19. January 2020 Concerns over slow progress lead to questions about campaign donations from developers. SEVERAL YEARS AGO, Saanich resident Merie Beauchamp and her husband bought a large lot overrun with invasive species. It had subdivision potential but was also subject to the Environmental Development Permit Area (EDPA) bylaw. Under the EDPA, they would be required to work with Saanich planners and biologists, should they want to subdivide, in order to minimize the impact to the endangered Garry oak ecosystem. Both Beauchamps had biological backgrounds and were curious abo
  20. November 2019 West Coast wildlife depends on herring—and there’s a model for bringing them back to the Salish Sea. THE WILDLIFE IN SPILLER CHANNEL, just north of Bella Bella, is alive and well this fall. Over a thousand bald eagles on their southward migration were feeding on the returns of chum and pink salmon alongside other top predators—black bear, grizzly and wolf. Sea lions, Dall’s porpoise, several humpbacks and northern resident killer whales worked the channel edges. At the entrance, where the breakers roll in, sea otters have returned, triggering a rebound of k
  21. September 2019 A retired physics professor ground-truths the tanker traffic at Burnaby’s Westridge Terminal. FROM HIS LIVING ROOM WINDOW above Westridge Marine Terminal on Burnaby Mountain—the terminus of the Trans Mountain pipeline—retired SFU professor emeritus David Huntley can see the oil tankers coming in to pick up or offload cargo. It’s August and Huntley hasn’t seen a crude oil tanker at Westridge since June 30. Pulling out his iPad with Vesselfinder.com, Huntley finds the large orange icon that is the closest crude oil tanker and pulls up its information—size, draft,
  22. July 2019 An appeal before the courts should spark debate about whether Trans Mountain is compatible with a stable climate. AS THE FIRES BURN, storms rage, ice melts, and drought warnings go into effect, a rising tide of climate policy supporters from professional ranks are demanding change. Insurance company CEOs, health professionals, and journalists (like Bill Moyers) are joining scientists and academics to name the threat posed by climate change and continued burning of fossil fuels. Retired Vancouver civil litigation lawyer David Gooderham is one of the latest to put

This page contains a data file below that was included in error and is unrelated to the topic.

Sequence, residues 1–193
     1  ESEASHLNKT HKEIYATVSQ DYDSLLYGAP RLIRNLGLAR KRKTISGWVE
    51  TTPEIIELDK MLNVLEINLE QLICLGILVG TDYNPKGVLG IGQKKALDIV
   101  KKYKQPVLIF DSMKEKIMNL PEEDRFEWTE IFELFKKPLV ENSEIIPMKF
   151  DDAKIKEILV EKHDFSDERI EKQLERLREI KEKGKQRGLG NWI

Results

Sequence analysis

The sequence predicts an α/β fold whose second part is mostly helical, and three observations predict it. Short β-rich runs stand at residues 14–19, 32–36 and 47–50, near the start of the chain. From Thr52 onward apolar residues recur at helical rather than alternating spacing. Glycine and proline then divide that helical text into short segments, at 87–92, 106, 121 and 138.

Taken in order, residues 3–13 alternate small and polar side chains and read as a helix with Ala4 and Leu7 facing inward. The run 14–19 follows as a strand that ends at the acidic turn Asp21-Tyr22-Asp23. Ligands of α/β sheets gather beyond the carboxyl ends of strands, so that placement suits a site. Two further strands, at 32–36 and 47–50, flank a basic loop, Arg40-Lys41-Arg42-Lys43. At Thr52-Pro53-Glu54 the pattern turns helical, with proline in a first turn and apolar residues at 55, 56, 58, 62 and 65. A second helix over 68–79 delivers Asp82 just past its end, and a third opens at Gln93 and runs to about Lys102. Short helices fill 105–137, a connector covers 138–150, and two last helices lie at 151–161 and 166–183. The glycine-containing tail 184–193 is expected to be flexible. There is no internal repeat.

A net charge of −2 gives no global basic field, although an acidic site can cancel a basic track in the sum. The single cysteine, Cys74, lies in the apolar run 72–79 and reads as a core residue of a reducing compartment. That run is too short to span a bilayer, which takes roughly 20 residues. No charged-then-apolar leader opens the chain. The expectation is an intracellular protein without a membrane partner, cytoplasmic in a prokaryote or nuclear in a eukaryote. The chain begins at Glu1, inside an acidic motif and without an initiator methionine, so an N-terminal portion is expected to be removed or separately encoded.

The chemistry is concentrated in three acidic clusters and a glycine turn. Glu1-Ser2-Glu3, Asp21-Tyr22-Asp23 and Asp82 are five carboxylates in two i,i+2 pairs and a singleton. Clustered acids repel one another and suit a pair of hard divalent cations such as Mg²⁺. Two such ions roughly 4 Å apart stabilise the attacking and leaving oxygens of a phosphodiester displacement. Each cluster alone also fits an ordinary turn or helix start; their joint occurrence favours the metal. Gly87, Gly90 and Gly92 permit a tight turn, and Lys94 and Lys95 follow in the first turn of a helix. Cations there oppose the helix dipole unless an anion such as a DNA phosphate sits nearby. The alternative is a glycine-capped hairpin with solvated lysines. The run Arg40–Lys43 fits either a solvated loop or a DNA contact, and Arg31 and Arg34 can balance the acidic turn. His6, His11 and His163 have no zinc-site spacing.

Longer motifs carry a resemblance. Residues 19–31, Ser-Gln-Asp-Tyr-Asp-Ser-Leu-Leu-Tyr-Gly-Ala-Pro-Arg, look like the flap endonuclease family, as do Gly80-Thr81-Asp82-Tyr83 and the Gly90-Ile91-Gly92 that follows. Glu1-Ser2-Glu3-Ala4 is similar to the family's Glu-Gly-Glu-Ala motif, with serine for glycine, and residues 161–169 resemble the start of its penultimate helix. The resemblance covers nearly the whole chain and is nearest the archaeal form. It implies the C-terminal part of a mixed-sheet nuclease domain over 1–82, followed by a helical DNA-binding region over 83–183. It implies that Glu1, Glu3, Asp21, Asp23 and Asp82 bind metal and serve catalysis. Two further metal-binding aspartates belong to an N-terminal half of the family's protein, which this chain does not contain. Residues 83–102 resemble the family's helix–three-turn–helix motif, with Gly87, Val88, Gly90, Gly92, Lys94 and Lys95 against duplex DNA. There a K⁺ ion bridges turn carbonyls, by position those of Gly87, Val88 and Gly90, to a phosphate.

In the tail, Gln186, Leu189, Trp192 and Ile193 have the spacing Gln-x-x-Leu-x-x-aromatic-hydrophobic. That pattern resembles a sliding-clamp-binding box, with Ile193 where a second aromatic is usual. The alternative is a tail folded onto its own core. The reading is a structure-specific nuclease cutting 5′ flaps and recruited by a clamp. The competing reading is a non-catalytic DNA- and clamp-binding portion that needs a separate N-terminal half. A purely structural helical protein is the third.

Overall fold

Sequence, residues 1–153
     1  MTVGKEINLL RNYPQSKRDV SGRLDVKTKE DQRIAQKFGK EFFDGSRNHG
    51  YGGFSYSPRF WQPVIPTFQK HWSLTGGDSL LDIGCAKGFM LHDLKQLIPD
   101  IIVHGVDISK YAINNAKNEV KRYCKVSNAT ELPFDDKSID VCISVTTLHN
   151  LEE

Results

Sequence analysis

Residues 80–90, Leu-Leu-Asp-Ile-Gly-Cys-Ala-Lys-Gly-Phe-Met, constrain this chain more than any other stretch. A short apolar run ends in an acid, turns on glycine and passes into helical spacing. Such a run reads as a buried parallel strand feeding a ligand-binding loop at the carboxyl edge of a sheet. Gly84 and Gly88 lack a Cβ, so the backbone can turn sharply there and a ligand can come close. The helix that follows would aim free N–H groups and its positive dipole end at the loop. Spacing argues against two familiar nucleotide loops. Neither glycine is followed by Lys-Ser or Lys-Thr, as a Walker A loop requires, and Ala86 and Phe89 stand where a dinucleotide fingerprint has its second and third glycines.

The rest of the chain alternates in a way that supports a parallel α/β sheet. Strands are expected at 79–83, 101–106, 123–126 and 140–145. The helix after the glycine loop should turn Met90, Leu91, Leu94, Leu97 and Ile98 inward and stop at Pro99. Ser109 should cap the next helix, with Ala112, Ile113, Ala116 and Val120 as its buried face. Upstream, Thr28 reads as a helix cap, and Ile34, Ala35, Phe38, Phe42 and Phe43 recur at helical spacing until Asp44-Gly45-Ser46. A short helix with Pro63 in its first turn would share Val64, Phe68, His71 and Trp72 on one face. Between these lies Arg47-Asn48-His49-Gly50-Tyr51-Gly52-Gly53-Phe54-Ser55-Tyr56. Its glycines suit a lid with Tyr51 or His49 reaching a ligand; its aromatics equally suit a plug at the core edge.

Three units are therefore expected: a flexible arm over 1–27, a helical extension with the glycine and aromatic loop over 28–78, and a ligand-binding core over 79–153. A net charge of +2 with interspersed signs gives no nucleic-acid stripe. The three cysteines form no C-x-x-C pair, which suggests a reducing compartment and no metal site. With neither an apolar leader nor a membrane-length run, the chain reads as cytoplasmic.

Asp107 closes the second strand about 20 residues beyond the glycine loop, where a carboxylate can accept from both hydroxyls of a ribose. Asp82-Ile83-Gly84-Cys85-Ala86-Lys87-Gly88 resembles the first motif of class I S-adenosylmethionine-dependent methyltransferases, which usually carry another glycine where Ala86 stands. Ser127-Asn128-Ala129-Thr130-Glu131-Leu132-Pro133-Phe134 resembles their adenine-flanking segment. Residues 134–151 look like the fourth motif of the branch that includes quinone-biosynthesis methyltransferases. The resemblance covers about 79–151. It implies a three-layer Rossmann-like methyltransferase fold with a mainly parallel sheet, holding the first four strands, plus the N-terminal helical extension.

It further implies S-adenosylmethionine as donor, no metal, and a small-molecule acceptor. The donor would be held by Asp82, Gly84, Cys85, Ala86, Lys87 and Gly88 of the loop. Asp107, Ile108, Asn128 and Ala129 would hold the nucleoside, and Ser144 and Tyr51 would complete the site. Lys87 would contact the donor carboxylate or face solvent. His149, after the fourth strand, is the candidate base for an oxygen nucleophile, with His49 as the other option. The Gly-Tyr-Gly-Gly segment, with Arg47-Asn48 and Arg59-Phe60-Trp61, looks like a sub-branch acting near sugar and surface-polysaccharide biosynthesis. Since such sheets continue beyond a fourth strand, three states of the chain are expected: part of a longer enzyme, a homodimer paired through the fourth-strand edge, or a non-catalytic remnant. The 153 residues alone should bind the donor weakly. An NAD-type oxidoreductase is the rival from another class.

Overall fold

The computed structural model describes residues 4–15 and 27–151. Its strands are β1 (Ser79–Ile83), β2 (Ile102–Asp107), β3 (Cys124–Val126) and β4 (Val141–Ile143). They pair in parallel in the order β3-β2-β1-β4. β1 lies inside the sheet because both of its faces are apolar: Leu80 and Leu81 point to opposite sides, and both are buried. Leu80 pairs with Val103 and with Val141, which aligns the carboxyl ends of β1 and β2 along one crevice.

23. March 2018 Or was the battle fought over an invented crisis? IN THE KEYNOTE SPEECH at a recent conference on the value of nature in urban areas, Don Luymes, director of strategic initiatives in Surrey, cited a refrain that had many of the participants, like Saanich resident Carmel Thomson, nodding. “The battle for sustainability will be won or lost in the suburbs,” said Luymes. The suburbs of Saanich have become one of the most watched of these battlegrounds, because the stakes have never been so high: one of the hottest high-end real estate markets in the world vs. one o
  24. September 2017 The practice may have played a leading role in creating some of BC’s most high-profile environmental blunders. FIFTEEN YEARS AGO, as a reporter for CHUM TV (aka The New VI), I got a call from a professional wildlife biologist in Port Alberni called Mike Stini. He’s an Island guy to the core—understated, drives a pickup, knows the bush like the back of his hand and, more than anything, loves this place and isn’t afraid to share his knowledge. He was clearly upset. The BC Liberals had changed all the rules on forest management, and suddenly wildlife experts
  25. April 9, 2020 Do the construction of future pipelines, mining, logging, fish farms and other resource industries qualify as essential services? Are enough precautions against virus transmission being employed? WHILE JUST ABOUT EVERYONE but grocery and health care workers are staying home and practicing social distancing to the point of losing jobs or businesses, there is one sector that seems to be immune to any national effort to contain the virus. The resource sector is still being mandated to work by their companies on a directive from government that they are essential ser
×
×
  • Create New...